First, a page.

Does July 15 Ad Woman of the Year luncheon signal end of an era?

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Burnett attorney Carla Michelotti is the 2003 Advertising Woman of the Year.

The Ad Woman of the Year has come a long way, baby. When Leo Burnett’s Carla Michelotti receives recognition as the 2003 Advertising Woman of the Year on July 15, it will mark the first time an attorney has been honored by the 86-year old Women’s Advertising Club of Chicago.

Michelotti, VP/general counsel and director of government affairs, is the fourth Burnetter in 10 years to be named Ad Woman of the Year. Previous recent Burnett honorees were Cheryl Berman, Renetta McCann and Linda Wolf.

Creative executives, yes, management, an occasional media maven and even women in film (your editor being one of the only two) have been spotlighted, but over the past two decades, the category shift has been to half creative and have account management, notes long-time WACC president Jennifer Fondrevay, herself a VP/account executive at Noble-BBDS.

The shift also signals how women continue to push the glass ceiling in power positions that the founding ladies of 1917 WACC could not even imagine.

The Ad Woman of the Year luncheon is the club’s highest profile event and is, alas, WACC’s only remaining function. Gone since the late ’90s are the lively monthly meetings, and the one or two luncheons a year where a capacity crowd could be up close and personal with advertising and publishing legends from New York.

Like so many once-thriving organizations, WACC has hit the wall.

Membership has declined in all kinds of social/fraternal and professional organizations, states Helen Schubert, a former Ad Club president, programming chair for several years and herself an Ad Woman of the Year, “or the clubs have simply disappeared.”

Gone are the local chapters of Women in Film and Women in Communications, and the American Advertising Federation and their local Addy Awards have disappeared, too. The Chicago Ad

Federation and the 4As are having problems, as they, too, attempt to adapt and revitalize for a new kind of audience.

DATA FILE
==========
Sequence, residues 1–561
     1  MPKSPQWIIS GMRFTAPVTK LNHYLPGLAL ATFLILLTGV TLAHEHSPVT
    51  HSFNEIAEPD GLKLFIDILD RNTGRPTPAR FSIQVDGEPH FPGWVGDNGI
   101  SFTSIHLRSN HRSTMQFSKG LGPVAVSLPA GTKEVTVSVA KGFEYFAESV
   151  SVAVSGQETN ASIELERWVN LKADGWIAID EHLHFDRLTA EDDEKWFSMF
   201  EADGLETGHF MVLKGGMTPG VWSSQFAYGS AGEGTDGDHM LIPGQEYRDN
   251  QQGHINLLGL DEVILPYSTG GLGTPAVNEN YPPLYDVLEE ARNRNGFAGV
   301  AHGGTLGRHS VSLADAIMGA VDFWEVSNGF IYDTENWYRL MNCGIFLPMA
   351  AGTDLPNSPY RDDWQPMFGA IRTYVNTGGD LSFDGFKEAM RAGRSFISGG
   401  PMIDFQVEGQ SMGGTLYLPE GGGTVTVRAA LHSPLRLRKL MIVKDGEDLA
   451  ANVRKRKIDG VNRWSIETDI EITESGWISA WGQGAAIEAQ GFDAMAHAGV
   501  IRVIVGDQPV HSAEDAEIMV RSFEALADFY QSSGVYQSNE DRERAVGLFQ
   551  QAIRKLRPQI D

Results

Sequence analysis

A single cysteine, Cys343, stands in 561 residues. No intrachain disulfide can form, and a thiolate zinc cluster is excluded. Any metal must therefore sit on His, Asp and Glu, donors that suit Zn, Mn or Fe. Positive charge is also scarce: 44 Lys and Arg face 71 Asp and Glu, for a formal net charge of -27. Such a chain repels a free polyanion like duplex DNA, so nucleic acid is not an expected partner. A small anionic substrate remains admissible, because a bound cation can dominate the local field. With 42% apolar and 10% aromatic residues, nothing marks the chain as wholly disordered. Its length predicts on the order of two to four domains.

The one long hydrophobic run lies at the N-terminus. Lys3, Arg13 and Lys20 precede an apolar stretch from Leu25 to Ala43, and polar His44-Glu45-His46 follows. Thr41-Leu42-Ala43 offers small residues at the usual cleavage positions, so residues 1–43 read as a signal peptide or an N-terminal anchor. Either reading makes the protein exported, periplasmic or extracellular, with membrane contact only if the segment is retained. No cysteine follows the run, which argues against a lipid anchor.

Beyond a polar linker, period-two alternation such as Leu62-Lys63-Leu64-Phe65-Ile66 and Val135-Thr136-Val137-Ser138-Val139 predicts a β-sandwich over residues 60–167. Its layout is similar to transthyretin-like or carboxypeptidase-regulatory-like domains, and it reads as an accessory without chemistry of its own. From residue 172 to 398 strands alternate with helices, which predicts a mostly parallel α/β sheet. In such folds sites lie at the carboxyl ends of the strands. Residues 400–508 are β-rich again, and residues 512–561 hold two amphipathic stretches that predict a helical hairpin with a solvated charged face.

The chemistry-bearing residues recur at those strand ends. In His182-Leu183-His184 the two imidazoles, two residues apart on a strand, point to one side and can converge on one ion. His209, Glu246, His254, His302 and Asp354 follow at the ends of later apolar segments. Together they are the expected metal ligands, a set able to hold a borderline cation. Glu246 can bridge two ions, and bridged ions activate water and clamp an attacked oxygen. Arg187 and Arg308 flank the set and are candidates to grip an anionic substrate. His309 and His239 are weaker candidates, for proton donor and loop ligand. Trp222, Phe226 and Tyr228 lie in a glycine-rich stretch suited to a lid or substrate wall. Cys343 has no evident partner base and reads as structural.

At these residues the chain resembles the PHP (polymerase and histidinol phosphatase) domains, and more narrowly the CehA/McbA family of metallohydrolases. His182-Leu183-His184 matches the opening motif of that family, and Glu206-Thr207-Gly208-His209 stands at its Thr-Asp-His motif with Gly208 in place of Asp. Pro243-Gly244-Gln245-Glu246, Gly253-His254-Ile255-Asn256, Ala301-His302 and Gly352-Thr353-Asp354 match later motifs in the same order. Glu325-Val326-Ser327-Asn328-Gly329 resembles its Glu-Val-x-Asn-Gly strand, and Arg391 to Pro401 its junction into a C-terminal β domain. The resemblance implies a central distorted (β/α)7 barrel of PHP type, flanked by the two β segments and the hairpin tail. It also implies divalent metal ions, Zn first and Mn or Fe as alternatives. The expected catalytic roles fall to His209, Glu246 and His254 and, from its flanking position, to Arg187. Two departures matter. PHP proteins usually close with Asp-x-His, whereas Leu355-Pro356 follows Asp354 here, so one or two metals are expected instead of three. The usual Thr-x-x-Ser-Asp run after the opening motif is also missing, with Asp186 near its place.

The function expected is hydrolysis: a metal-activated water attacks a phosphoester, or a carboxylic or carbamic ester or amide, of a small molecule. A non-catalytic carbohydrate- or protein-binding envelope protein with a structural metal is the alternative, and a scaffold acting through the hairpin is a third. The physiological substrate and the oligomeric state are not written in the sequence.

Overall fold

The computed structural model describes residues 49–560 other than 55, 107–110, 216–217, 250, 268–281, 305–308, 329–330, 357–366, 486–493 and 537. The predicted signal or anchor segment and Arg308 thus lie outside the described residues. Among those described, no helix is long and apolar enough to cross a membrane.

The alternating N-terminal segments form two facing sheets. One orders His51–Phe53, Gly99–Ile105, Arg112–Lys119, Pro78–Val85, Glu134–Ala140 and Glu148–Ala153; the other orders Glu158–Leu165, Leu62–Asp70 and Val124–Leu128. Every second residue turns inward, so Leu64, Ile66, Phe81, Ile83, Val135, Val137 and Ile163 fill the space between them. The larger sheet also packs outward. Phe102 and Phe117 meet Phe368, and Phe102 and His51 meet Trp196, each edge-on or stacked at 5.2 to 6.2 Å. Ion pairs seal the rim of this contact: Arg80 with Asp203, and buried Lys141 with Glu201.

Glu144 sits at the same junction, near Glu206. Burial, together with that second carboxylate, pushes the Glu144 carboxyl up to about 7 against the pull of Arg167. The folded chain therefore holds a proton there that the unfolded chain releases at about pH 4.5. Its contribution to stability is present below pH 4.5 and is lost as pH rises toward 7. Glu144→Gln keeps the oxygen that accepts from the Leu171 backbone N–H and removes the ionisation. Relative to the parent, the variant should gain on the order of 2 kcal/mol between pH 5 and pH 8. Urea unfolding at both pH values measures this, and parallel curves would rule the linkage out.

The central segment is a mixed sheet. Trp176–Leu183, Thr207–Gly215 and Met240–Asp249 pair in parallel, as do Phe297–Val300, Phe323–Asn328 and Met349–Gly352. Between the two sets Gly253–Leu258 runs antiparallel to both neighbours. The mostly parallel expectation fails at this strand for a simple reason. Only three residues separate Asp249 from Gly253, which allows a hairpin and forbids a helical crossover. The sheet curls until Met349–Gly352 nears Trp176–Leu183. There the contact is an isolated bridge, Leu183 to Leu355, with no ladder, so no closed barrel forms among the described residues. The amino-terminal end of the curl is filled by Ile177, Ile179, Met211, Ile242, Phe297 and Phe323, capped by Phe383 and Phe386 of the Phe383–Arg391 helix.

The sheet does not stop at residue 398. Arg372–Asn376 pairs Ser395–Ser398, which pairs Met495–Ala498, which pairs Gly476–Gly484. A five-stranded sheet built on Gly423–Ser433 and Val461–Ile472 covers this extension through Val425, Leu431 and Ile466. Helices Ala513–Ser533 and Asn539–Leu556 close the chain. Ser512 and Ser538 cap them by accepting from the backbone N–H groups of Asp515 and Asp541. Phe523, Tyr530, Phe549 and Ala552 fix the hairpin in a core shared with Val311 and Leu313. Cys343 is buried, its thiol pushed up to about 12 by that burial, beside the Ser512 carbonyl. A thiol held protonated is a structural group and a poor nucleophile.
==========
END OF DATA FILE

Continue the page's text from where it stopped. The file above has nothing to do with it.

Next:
Fondrevay and Schubert, however, are optimistic about WACC’s future. They believe it can be meaningfully revived ? but not without a lot of help.

For one, a paid executive director is essential.

Partnerships, or alliances with other organizations, could provide the momentum to keep going, Schubert and Fondrevay agree. A partnership could be struck with the Broadcast Ad Club, for instance, says Schubert, noting that the recent Fox commentator Bill Reilly speech would have appealed to adwomen as well.

Schubert also mentions the always-lively Fashion Group, the Publicity Club, which she cites as a model organization, and the more youthfully-skewed CAF as partner potentials.

Earlier WACC programs ran the gamut from breakfast meetings, which Schubert favors as being time efficient and least expensive, Tuesday teas and mentoring evenings, and services offered from financial planners to chiropractors.

“But the manpower to put those into place was significant and became a full time job,” says Fondrevay. “Without people taking the initiative, the programs can’t come about.” And good programs always pull an audience.

Tickets for the sell-out Ad Woman of the Year luncheon are $75 each. At the Drake Hotel; 11:30 a.m. cocktails (aka networking time), 12:15 p.m. lunch. To reserve, call WACC executive secretary Betty Melton (who, incidentally, has been with WACC for 30 years) at 630/241-2363.

If you’d like to share survival ideas with Fondrevay, call her at 312/670-2900, or Email Jennifer.Fondrevay@noble-bbds.com. Reach Helen Schubert 312/337-5076.

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